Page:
Although Scalia had conservative views, he made a departure in supporting the regulatory state in matters impacting the business community, according to Coglianese. “In a number of key decisions that he authored in the majority, he supported the power of administrative agencies in ways that don’t align, maybe, with the broader conservative agenda. He adopted a series of opinions expressing the view that the judiciary should be in the backdrop.” He explained that Scalia felt that the judiciary should settle cases where the rule of law was clear, but otherwise let the legislature rule. “If the legislature delegates authority to administrative agencies to regulate business, he was supportive of that.”
“[Scalia] was a very complex man, and that is one of the reasons why he was so influential.” –Cary Coglianese
Coglianese said it was “somewhat ironic” that Scalia believed that the judiciary should be humble “when he was himself someone who could be very flamboyant and combative.” At the same time, Scalia was also “incredibly charming and deep down a good person. He was a very complex man, and that is one of the reasons why he was so influential.”
Scalia advocated diversity among court justices, said Orts, referring to a recent New York Times report on what kind of a person he might have wanted as his successor. Scalia had noted that four of the nine justices in the current Supreme Court hailed from New York, and that there were too many judges from the east coast and none from the Southwest, the report said. Coglianese added that Scalia “was [also] very much concerned about important decisions for the country being made by unelected judges.”
What Next – and Who?
The challenge now is about how best to go about appointing a successor to Scalia. President Obama wants to nominate a successor, but the Republican-controlled Senate has vowed to block his nominee – and perhaps not even allow it to get to the point of a vote in the Senate. The Republicans want to wait until a new president is elected and takes office in January 2017. That would leave the Supreme Court with eight judges.
Orts pointed out that in the event of a 4:4 split on some big cases that are in line to be heard, the lower court’s opinion would prevail. “In cases where you might have expected a 5:4 majority, [the court will] uphold decisions that you might not have wanted,” he said. Coglianese noted that the important cases before the current Supreme Court include “most of the hot-button issues in America today: affirmative action, abortion, immigration and an important case on unions and labor rights.”
“If Obama names a conservative nominee, and the Republicans still don’t want to have review hearings, they will look even more obstructionist than they look right now.” –Cary Coglianese
Orts likened the stance of Republican presidential candidate Ted Cruz in making the issue of appointing Scalia’s successor “the centerpiece of his campaign” to “a shut-the-government-down-approach.” He suggested that it may be unreasonable to hold up the appointment process until next January, noting that most confirmation hearings take between two months and 100 days. “It very well could be that we have an unprecedented lockup of this appointment process,” he said.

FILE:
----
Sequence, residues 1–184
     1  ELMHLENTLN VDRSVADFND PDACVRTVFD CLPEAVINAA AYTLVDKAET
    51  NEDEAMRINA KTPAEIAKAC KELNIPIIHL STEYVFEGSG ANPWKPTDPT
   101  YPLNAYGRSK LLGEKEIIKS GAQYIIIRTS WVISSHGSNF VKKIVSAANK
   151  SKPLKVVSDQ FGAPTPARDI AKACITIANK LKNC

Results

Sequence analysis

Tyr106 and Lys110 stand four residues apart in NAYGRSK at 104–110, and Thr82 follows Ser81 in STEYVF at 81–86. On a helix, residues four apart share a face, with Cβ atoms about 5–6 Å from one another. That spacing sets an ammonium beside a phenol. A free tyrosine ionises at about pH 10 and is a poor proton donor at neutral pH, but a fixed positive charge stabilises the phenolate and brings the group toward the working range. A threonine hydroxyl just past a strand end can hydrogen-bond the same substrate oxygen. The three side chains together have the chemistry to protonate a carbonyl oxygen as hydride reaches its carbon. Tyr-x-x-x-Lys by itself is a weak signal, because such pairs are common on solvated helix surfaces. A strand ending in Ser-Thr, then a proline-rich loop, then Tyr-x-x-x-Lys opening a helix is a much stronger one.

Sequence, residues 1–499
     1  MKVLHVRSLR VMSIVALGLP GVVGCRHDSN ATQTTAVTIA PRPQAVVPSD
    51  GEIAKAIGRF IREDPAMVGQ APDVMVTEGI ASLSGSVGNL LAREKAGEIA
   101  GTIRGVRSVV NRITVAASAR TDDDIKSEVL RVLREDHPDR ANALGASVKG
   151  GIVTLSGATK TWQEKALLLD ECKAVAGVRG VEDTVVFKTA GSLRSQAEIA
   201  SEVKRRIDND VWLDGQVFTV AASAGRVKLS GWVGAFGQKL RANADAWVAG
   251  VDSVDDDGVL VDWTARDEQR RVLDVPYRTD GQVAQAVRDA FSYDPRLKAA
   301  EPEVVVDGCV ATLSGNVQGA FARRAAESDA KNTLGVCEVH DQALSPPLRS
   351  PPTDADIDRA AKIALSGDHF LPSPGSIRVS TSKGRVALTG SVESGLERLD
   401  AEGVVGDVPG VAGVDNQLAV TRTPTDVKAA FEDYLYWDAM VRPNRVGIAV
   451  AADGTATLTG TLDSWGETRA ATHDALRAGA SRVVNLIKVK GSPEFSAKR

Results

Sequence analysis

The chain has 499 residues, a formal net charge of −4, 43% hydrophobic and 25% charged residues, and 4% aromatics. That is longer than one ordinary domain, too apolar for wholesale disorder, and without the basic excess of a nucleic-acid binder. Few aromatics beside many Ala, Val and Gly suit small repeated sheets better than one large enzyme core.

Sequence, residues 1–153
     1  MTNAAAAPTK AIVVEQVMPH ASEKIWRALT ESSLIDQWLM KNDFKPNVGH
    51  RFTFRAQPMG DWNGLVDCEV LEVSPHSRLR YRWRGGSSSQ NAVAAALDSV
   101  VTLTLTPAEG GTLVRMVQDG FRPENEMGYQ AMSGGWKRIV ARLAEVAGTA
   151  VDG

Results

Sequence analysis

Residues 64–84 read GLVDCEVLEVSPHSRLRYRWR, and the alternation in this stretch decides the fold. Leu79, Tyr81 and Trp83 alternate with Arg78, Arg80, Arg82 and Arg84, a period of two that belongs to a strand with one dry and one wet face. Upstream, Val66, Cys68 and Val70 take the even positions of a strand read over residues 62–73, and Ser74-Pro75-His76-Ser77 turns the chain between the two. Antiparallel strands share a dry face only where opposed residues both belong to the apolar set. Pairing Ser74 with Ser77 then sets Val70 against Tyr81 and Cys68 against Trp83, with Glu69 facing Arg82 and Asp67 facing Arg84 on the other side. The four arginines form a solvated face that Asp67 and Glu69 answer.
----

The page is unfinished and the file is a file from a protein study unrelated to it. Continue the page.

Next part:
Orts expected the Obama administration to name as Scalia’s successor “a relatively Conservative, middle-of-the-road candidate.” He said his pick is Sri Srinivasan, who is now the judge of the U.S. Court of Appeals for the District of Columbia Circuit. He noted that Srinivasan is Indian American who grew up in Kansas, secured his J.D. and MBA from Stanford University, and was confirmed by the Senate 97-0 as recently as in 2013. “You put someone like that, and over time, it becomes very difficult to say – ‘What’s wrong with this guy?’” he added. Other names making the rounds are those of current attorney general Loretta Lynch and Judge Paul Watford of the Ninth Circuit.
“If Obama names a conservative nominee, and the Republicans still don’t want to have review hearings, they will look even more obstructionist than they look right now,” said Coglianese.
Orts hoped for the best. “It would be good if both sides come together and have some more agreement about trying to confirm each other’s picks as long as they are within the zone of competence and achievement that you want.”
Perhaps the two political parties could take a leaf from Scalia’s book itself. “One of the small ironies of this particular contest over who will replace Justice Scalia is that in some of his dissenting opinions he changed the tone of judicial discourse,” noted Coglianese. One study showed that Scalia’s opinion made up more than half the uses of sarcasm in judicial opinions of the Supreme Court. “He was prone to calling his colleagues’ opinions ‘nonsense,’ ‘pretentious,’ ‘egotistical,’ ‘gobbledygook,’ etc.,” he added.
All said, Scalia has clearly left big shoes to fill. “Whoever fills this vacancy or even the next one or two vacancies in court, it will be a long time before we have someone of Justice Scalia’s intellectual stature,” said Coglianese.